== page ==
First of all: avoid government bonds. Investors in government debt are the ones who will be robbed slowly. Within equities, there are sectors that will do very well. The great problems we have – energy, climate change, defence, inequality, our dependence on production from China – will all be solved by massive investment. This capex boom could last for a long time. Companies that are geared to this renaissance of capital spending will do well. Gold will do well once people realise that inflation won’t come down to pre-2020 levels but will settle between 4 and 6%. The disappointing performance of gold this year is somewhat clouded by the strong dollar. In yen, euro or sterling, gold has done pretty well already.
2. US sanctions escalated versus China, specifically around the use of semiconductors.
Foreign Policy Magazine had a good article titled: Biden Is Now All-In on Taking Out China.
Key bits, emphasis mine:
Last Friday, however, a dense regulatory filing from a little-known federal agency gave the strongest hint yet of U.S. intentions. The Bureau of Industry and Security (BIS) announced new extraterritorial limits on the export to China of advanced semiconductors, chip-making equipment, and supercomputer components. The controls, more so than any earlier U.S. action, reveal a single-minded focus on thwarting Chinese capabilities at a broad and fundamental level. Although framed as a national security measure, the primary damage to China will be economic, on a scale well out of proportion to Washington’s cited military and intelligence concerns. The U.S. government imposed the new rules after limited consultation with partner countries and companies, proving that its quest to hobble China ranks well above concerns about the diplomatic or economic repercussions.
In short, America’s restrictionists—zero-sum thinkers who urgently want to accelerate technological decoupling—have won the strategy debate inside the Biden administration. More cautious voices—technocrats and centrists who advocate incremental curbs on select aspects of China’s tech ties—have lost. This shift portends even harsher U.S. measures to come, not only in advanced computing but also in other sectors (like biotech, manufacturing, and finance) deemed strategic. The pace and details are uncertain, but the strategic objective and political commitment are now clearer than ever. China’s technological rise will be slowed at any price.
Many U.S. policymakers and analysts will cheer a further decoupling. They rightly argue that Beijing’s decades-long strategy of intellectual property theft, hidden subsidies, and stealthy regulatory discrimination has played a large part in Chinese technological advancement. They correctly note that China has used its growing prowess to crush dissenters and minorities, threaten neighbors, prop up foreign autocrats, carry out espionage and influence operations, entrench market dominance, and lay the groundwork for future digital sabotage or coercion. And they can fairly claim that most previous U.S. restrictions—though hardly all—were sensible and successful.
Yet the latest U.S. move may erode some of the very conditions that have enabled earlier successes. Up until now, allies and partners were more or less willing to follow America’s lead, China proved unable to respond forcefully, the private sector adapted well enough, and U.S. technocrats had room to shape key policy details. The next phase of decoupling, however, could be more unpredictable and riskier. The increasing boldness of U.S. unilateral actions, and Washington’s open embrace of a quasi-containment strategy, will draw reactions from many actors. This may finally set in motion forces beyond the control of U.S. national security leaders.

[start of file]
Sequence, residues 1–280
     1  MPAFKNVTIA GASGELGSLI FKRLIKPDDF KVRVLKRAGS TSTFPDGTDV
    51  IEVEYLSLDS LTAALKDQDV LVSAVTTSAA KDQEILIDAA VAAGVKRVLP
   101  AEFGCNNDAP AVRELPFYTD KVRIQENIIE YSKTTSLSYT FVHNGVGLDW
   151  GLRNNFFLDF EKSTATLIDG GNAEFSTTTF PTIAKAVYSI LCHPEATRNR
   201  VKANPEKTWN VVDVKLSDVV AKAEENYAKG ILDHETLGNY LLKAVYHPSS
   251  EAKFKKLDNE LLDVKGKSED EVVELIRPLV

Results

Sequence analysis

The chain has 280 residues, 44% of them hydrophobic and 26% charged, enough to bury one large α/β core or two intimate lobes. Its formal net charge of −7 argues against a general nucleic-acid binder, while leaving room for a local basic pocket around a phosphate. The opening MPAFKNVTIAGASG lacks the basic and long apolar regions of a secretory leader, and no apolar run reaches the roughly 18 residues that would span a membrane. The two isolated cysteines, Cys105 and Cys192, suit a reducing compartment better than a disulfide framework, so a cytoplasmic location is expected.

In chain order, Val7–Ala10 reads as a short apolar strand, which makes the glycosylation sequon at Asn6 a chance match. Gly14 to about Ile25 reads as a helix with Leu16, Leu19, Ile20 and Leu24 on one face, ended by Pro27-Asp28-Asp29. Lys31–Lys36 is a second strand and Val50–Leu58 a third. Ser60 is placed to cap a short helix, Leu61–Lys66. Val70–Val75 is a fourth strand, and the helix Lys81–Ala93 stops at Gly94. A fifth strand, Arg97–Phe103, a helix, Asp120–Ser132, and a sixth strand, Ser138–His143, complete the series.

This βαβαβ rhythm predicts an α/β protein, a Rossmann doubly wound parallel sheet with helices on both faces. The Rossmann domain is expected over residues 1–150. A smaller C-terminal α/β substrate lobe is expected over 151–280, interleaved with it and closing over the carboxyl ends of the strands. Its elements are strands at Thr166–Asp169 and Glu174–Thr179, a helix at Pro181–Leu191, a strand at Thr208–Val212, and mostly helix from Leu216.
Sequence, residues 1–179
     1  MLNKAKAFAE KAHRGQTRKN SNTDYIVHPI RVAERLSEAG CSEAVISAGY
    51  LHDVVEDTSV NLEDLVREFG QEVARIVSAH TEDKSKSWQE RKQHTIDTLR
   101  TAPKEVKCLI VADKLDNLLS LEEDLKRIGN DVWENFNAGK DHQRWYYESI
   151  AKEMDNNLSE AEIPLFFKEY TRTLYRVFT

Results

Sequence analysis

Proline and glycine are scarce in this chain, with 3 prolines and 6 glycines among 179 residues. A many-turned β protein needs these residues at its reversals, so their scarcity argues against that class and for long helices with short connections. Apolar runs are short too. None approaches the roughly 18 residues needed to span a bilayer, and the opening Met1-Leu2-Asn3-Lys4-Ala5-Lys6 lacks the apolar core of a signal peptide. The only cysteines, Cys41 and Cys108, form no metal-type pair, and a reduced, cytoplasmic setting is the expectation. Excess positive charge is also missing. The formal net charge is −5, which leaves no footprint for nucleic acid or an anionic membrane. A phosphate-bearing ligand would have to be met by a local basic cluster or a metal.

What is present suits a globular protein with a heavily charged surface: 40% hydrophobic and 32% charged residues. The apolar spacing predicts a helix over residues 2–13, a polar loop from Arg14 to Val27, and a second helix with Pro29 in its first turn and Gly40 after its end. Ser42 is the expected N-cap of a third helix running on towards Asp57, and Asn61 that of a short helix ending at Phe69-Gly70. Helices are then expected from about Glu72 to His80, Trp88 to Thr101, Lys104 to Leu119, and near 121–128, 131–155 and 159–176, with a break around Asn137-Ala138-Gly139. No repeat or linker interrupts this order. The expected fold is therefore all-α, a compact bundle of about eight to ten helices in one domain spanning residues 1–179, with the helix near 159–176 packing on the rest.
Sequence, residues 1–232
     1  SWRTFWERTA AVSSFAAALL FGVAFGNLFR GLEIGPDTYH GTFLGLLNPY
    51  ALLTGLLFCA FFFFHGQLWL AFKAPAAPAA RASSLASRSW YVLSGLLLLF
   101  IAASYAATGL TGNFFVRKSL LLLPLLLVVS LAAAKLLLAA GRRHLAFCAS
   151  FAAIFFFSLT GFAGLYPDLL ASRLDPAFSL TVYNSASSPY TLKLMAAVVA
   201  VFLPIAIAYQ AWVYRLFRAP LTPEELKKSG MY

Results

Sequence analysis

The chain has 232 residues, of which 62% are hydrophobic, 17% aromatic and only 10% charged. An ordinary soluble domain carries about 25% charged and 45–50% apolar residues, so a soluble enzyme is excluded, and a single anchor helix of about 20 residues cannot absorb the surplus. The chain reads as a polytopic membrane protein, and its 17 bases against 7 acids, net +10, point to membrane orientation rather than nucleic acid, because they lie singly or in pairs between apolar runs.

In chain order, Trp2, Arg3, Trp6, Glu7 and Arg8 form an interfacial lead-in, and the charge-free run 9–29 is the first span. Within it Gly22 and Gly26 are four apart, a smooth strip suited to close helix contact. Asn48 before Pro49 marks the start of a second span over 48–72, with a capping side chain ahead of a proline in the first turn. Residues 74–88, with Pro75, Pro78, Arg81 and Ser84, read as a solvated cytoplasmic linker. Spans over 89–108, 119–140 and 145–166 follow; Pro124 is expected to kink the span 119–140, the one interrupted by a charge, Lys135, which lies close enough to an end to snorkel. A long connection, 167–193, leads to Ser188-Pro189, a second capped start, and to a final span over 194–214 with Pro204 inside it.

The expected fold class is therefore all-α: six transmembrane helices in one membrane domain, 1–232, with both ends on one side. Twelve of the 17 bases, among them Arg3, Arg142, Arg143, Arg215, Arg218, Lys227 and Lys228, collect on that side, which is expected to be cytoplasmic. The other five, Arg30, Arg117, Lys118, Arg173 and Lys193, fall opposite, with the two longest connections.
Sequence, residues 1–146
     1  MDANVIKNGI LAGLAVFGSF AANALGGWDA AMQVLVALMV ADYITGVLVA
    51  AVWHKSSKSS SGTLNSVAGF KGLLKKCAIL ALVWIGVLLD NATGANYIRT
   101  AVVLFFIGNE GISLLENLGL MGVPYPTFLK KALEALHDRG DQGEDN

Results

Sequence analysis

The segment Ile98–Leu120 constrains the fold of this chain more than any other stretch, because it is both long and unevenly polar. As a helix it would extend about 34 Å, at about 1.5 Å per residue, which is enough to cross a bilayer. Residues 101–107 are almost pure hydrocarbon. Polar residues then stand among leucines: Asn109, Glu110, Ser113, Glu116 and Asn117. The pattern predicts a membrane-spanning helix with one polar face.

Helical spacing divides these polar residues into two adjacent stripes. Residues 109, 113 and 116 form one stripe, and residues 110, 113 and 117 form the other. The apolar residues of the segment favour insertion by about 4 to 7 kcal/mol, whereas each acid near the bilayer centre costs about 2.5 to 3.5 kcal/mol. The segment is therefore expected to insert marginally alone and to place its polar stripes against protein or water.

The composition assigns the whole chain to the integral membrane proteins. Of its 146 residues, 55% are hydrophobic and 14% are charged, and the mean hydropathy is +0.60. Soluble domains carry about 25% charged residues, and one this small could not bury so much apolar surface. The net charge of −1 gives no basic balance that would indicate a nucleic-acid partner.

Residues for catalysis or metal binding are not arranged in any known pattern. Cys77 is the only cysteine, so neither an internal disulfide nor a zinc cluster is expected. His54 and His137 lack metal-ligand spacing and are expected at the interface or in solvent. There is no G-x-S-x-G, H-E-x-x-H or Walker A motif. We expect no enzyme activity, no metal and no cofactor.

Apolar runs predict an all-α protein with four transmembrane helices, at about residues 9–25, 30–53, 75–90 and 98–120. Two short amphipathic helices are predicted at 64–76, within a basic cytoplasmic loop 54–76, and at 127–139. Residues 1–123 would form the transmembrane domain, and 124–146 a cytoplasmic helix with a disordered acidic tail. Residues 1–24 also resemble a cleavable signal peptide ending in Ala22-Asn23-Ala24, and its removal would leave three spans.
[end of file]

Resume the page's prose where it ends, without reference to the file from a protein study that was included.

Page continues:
U.S.-led technological decoupling from China has had enormous consequences in just a few short years. It has rewired international relationships, unsettled the global economic order, and transformed technology policymaking and politics in many countries. In this high-stakes game, Washington has been both card player and card dealer, making its own moves while constraining the choices of others. Now the United States has gone all-in—wagering like never before and placing its cards on the table for all to see. The decisive American gamble: to openly block China’s path to become an advanced economic peer, even at significant risk to U.S. and allied interests. Bigger U.S. moves are probably coming in the future. But for now, Washington must wait to see how others play their hands.
Two other good things to check out on the sanctions:
This twitter post:
3. Honestly with Bari Weiss is one of those rare podcasts that discusses important issues without biases. In this conversation, she spoke with Dr. Casey Means, a Stanford trained physician who left the traditional medical system behind to solve the one problem that she says is going to ruin us all: bad food.
74% of Americans today are either obese or overweight. And yet, we’re no longer talking about it. The national conversation around health and weight has turned away from things like good nutrition, weight loss and the importance of physical fitness, and instead adopted phrases like “fat acceptance” and “healthy at any size.” In some circles, there’s even blanket denial that there is anything unhealthy at all about being obese.
Her simple health recommendations: